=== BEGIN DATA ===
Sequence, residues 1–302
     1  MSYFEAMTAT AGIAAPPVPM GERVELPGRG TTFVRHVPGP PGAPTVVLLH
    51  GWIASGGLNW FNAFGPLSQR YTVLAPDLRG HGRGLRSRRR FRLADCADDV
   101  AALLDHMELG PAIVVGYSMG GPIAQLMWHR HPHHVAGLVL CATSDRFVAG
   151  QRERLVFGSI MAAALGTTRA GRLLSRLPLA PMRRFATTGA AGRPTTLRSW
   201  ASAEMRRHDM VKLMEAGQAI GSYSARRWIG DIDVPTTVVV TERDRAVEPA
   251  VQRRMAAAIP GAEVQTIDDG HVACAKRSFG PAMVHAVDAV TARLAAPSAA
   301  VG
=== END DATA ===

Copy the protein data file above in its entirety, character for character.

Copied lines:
Sequence, residues 1–302
     1  MSYFEAMTAT AGIAAPPVPM GERVELPGRG TTFVRHVPGP PGAPTVVLLH
    51  GWIASGGLNW FNAFGPLSQR YTVLAPDLRG HGRGLRSRRR FRLADCADDV
   101  AALLDHMELG PAIVVGYSMG GPIAQLMWHR HPHHVAGLVL CATSDRFVAG
   151  QRERLVFGSI MAAALGTTRA GRLLSRLPLA PMRRFATTGA AGRPTTLRSW
   201  ASAEMRRHDM VKLMEAGQAI GSYSARRWIG DIDVPTTVVV TERDRAVEPA
   251  VQRRMAAAIP GAEVQTIDDG HVACAKRSFG PAMVHAVDAV TARLAAPSAA
   301  VG